So I thought I'd give COSMOS a try on South Park: The Stick of Truth. After trial and error, I was able to locate three addresses that handle health.
1353D368 - Double
1353D2E8 - Double
19F08D28 - Float
All three change, but only the Float appears to update if I change the value. So woot to me!
Now I assume the next step is a script that basically does the job of constantly inject the max HP value. I'm not sure how to do this. I have programming experience but I've never written trainer scripts. Could someone direct me to the correct documentation, or provide some guidelines?
A window shows up and as soon as your health gets accesses, it will log the memory address of the function. If you found one, double click on it to jump to that adress in memory viewer.
Then right click on it and select 'Inject here'. Then you can choose between:
- offset injection. This requires that the function is located inside the a memory module (dll or game exe) and the injection is then based on the offset (base address of module + offset = injection point). Obviously as soon as the module changes due to a patch your injection script breaks. This method is kinda outdated nowadays.
- AOB (array of bytes) injection. This will try to find a unique byte pattern either inside module or inside the whole process. You can expect this to be the best way as it probably works through several patches.
After that step you are inside the script editor. You need to understand assembly language to know how to freeze / move values. As CoSMOS has nearly the same script syntax as Cheat Engine you can adopt any tutorial for cheatengine. If you have any specific question feel free to ask.
Update: I bought the Assembly Language Adventures: Complete Course for $5 on Udemy. I spend more than $5 at Starbucks.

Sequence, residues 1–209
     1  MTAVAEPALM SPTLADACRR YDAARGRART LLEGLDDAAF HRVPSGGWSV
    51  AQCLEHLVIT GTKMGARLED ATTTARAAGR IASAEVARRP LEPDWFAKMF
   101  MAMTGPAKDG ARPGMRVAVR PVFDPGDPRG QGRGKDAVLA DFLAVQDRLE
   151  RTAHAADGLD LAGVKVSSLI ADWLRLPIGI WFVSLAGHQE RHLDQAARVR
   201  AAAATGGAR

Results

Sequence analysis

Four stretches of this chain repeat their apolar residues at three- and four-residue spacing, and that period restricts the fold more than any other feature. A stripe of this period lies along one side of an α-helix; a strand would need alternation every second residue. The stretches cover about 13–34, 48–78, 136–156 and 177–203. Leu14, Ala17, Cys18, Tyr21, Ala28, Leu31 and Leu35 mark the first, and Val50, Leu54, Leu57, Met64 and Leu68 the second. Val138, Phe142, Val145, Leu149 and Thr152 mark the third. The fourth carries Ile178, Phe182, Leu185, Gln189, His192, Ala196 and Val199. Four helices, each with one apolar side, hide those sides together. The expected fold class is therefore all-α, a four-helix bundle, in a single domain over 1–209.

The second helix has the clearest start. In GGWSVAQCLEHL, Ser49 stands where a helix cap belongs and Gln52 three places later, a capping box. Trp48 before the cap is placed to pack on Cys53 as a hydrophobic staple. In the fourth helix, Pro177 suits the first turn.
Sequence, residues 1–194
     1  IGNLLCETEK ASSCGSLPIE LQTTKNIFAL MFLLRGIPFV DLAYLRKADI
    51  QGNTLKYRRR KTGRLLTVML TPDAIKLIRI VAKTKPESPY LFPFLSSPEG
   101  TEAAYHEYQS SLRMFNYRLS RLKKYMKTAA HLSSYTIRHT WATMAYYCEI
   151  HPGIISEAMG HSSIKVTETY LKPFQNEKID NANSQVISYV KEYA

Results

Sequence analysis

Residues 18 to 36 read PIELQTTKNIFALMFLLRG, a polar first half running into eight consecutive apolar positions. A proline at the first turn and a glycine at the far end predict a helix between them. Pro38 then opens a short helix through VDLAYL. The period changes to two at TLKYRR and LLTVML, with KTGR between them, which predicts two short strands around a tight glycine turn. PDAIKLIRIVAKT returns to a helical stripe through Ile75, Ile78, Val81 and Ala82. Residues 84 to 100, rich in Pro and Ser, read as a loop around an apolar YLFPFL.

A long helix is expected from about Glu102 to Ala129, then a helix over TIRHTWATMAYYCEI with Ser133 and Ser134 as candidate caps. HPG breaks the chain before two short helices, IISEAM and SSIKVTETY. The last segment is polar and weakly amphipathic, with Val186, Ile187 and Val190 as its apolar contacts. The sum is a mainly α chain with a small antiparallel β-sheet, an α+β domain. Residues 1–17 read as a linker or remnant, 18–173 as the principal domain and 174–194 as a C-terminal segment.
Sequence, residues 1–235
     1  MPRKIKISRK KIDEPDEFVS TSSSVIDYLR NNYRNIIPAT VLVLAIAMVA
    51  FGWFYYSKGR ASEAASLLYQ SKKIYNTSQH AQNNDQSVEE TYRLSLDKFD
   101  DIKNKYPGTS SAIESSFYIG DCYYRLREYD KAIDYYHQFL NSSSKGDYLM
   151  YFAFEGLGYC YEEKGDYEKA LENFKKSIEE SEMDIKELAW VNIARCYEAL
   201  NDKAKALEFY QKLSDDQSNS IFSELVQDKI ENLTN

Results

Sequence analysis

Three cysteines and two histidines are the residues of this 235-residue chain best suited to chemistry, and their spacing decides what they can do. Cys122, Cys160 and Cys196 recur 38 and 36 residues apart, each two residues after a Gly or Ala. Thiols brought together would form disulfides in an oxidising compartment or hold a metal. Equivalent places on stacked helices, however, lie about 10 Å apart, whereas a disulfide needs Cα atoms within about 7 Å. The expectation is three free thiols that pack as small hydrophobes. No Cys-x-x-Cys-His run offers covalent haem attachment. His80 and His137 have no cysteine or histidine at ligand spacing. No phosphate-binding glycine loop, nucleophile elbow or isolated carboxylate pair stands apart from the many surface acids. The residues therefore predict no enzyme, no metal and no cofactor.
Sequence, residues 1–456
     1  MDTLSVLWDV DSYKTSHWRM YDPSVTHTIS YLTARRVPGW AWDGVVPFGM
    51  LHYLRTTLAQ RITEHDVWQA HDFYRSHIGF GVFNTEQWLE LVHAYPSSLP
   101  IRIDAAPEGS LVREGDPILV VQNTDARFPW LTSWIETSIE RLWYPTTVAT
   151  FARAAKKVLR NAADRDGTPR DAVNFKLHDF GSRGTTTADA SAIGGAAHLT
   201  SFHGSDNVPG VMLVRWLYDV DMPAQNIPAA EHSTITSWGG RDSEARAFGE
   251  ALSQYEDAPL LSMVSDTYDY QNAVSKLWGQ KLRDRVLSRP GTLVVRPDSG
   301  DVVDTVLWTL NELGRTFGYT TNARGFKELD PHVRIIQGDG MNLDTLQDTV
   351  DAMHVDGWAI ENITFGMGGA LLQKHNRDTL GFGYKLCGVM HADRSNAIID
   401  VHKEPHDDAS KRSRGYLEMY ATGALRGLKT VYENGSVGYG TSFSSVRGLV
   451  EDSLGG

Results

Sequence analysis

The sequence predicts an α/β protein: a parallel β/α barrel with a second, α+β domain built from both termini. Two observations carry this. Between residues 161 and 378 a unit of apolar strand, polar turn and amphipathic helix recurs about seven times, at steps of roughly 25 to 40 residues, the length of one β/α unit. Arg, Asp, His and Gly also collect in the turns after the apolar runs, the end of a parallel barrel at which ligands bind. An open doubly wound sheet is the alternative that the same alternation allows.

[Edited by tommy3467, 9/18/2017 4:27:50 PM]
You have to know the difference between byte, word, dword, qword, float and double.
You have to know the mov and cmp (possible fld and fstp) command as well.
Also you should know about the registers (eax, ecx, etc).
After that the rest is pretty much learning by doing. But of course, if you fully learn assembly it will only have a positive effect.
Also, I noticed the float address for hp changes each battle as you can see in my screenshot. Is this what you meant by "Find out what access" so that I can trace all these addresses back to function? Kind of like a reverse engineer.
[Edited by tommy3467, 9/18/2017 8:19:40 PM]
In your case it moves the float value stored in ecx+18 into xmm0.
This is important because if it would be the other way around (moving float value from register into ecx+18) you would have to write your code behind the original code.
Anyway it should be enough to write a single line behind 'codecave:'
mov dword ptr[ecx+18],(float)999
So it moves the float value 999 into ecx+18 and then execute the original code. And it does that each time the function gets accessed. As a float value takes 4 bytes in memory, we're using mov dword.
If your maximum health is stored nearby you can also do something better like:
fld dword ptr[ecx+18+4]
fstp dword ptr[ecx+18]
Assuming your maximum health is stored at ecx+1C this code will load the float value stored in ecx+1C (pushes it into FPU stack) and paste it into ecx+18 (pops from FPU stack).
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